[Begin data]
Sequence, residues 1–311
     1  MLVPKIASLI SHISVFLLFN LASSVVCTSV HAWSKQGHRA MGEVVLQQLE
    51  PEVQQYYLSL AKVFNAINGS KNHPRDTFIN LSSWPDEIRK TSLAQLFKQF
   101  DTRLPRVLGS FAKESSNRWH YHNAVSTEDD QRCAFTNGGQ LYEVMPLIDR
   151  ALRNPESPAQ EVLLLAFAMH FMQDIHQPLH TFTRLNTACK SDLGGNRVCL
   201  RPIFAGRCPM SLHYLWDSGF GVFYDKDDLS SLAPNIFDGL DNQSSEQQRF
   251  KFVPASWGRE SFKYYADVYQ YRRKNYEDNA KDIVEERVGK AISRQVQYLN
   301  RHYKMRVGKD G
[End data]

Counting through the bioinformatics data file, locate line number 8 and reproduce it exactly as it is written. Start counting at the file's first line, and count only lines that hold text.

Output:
   301  RHYKMRVGKD G